It was obvious this night would be different for Oklahoma when Heisman Trophy winner Kyler Murray broke out of the pocket on the Sooners’ first possession. Typically, he’d run long past the first down marker as helpless defenders flailed. Instead, Alabama linebacker Anfernee Jennings grabbed Murray and dragged him down for a loss of three. Nobody did that to Murray all year, but Murray hadn’t played a defense like Alabama’s all year.
By the time Oklahoma made a first down, Alabama led by three touchdowns. Murray helped the Sooners fight back to a point. A gorgeous 49-yard pass to Charleston Rambo allowed the Sooners to cut Alabama’s lead to 31–20 late in the third quarter, but Tagovailoa continued to dissect the Sooners’ much-maligned defense as he led a nine-play, 87-yard drive that he capped with a 10-yard touchdown slant to DeVonta Smith. Murray would lead another touchdown drive to get Oklahoma within 11, but Alabama recovered an onside kick and Tagovailoa led a five-play, 48-yard drive that ended with a 13-yard touchdown strike to Jerry Jeudy. Oklahoma would tack on yet another touchdown, but the Sooners had delivered the promised shootout a quarter-and-a-half too late. Alabama’s early defensive success combined with Tagovailoa’s brilliance had produced a deficit Oklahoma could never overcome.
Tagovailoa made a strong case that we Heisman voters got it wrong when we chose Murray first and Tagovailoa second. That touchdown to Smith with 13:08 remaining was Tagovailoa’s 21st completion in 24 attempts. Tagovailoa finished 24 of 27 for 318 yards and four touchdowns, and he probably would have had more had Alabama coaches not purposely tried to slow the tempo to take possessions out of the game and keep the defense fresh. The result was similar to the last time a Heisman Trophy winner faced a Heisman runner-up in his next game. In the Rose Bowl following the 2005 season, Texas quarterback Vince Young was the best player on the field, and he led the Longhorns to the national title by beating tailback Reggie Bush’s USC team.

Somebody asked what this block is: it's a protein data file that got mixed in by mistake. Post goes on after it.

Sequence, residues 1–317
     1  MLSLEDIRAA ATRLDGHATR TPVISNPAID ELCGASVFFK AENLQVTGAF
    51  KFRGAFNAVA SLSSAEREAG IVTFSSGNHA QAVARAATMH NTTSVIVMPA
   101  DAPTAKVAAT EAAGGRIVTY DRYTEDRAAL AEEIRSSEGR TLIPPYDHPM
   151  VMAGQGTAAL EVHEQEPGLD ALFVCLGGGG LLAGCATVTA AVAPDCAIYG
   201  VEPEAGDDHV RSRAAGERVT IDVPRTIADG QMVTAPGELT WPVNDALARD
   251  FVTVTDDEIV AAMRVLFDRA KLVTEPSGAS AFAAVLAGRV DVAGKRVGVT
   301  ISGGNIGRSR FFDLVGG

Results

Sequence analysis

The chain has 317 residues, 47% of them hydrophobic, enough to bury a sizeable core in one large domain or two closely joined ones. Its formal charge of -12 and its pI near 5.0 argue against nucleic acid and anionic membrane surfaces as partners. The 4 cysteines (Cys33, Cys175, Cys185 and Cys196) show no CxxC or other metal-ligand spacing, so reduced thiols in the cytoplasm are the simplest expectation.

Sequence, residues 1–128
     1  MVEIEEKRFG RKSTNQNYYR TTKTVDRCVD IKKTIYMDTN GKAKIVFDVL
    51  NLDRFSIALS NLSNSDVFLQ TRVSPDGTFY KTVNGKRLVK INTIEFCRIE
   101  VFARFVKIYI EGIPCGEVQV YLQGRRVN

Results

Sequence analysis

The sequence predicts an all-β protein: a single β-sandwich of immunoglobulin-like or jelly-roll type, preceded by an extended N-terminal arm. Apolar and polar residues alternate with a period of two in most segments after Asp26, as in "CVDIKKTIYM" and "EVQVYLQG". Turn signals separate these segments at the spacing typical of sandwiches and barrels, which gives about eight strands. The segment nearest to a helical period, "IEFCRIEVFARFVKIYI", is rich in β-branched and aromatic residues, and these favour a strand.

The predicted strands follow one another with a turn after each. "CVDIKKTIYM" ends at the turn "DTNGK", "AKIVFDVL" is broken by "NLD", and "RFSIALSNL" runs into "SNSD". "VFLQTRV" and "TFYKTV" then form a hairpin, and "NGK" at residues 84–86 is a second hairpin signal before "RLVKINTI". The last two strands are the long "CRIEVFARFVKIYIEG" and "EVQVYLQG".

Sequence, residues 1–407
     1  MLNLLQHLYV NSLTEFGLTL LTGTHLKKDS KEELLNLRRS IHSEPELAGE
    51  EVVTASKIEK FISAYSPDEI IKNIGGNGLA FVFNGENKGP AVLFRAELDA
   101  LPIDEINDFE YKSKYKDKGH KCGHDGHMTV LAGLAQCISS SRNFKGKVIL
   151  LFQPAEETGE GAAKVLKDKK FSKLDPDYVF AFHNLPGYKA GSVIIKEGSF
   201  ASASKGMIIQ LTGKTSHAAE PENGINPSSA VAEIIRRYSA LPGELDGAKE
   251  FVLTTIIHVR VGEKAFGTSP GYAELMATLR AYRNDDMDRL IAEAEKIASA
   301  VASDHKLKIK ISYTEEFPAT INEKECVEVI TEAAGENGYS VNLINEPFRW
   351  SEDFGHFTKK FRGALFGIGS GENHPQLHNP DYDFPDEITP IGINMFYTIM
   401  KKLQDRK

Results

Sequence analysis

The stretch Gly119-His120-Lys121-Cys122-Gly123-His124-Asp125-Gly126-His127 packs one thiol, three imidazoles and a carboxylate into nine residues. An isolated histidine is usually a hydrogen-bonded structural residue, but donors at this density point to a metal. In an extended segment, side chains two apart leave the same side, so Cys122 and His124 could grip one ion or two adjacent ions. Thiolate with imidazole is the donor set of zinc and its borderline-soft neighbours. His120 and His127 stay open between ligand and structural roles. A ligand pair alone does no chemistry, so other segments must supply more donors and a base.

That game feels like it was part of a bygone era of college football. A team from the Big 12 and a team from the Pac-10 were clearly the best two teams in the sport. The following season, Florida crushed favored Ohio State 41–14 in the BCS title game and ushered in an era of SEC dominance. After a while, the superiority of the league gave way to the superiority of just one team. Alabama has won five national titles since 2009 and two of the last three. The only consistent, reliable foil to Saban’s Tide in this era of college football has been Dabo Swinney’s Clemson. The Tigers pushed Alabama to the brink in a classic title game three years ago and then beat Alabama in another thriller of a title game two years ago. Alabama suffocated the Tigers in a semifinal in last year’s Sugar Bowl, but the addition of freshman quarterback Trevor Lawrence has had the same effect on Clemson’s offense as the insertion of Tagovailoa at halftime of last year’s national title game had on Alabama’s offense.
These are the titans of the sport. They have earned their place at the top. Hopefully their third meeting in a national title game will be was exhilarating as their first two.
But the fatigue is real. Bama fatigue. Clemson fatigue. Saban fatigue. Dabo fatigue.
For those who suffer from those maladies, there is only one treatment. Tell your favorite coach to make his team better. Because the sport still belongs to the Tide and Tigers, and it might be that way for a while.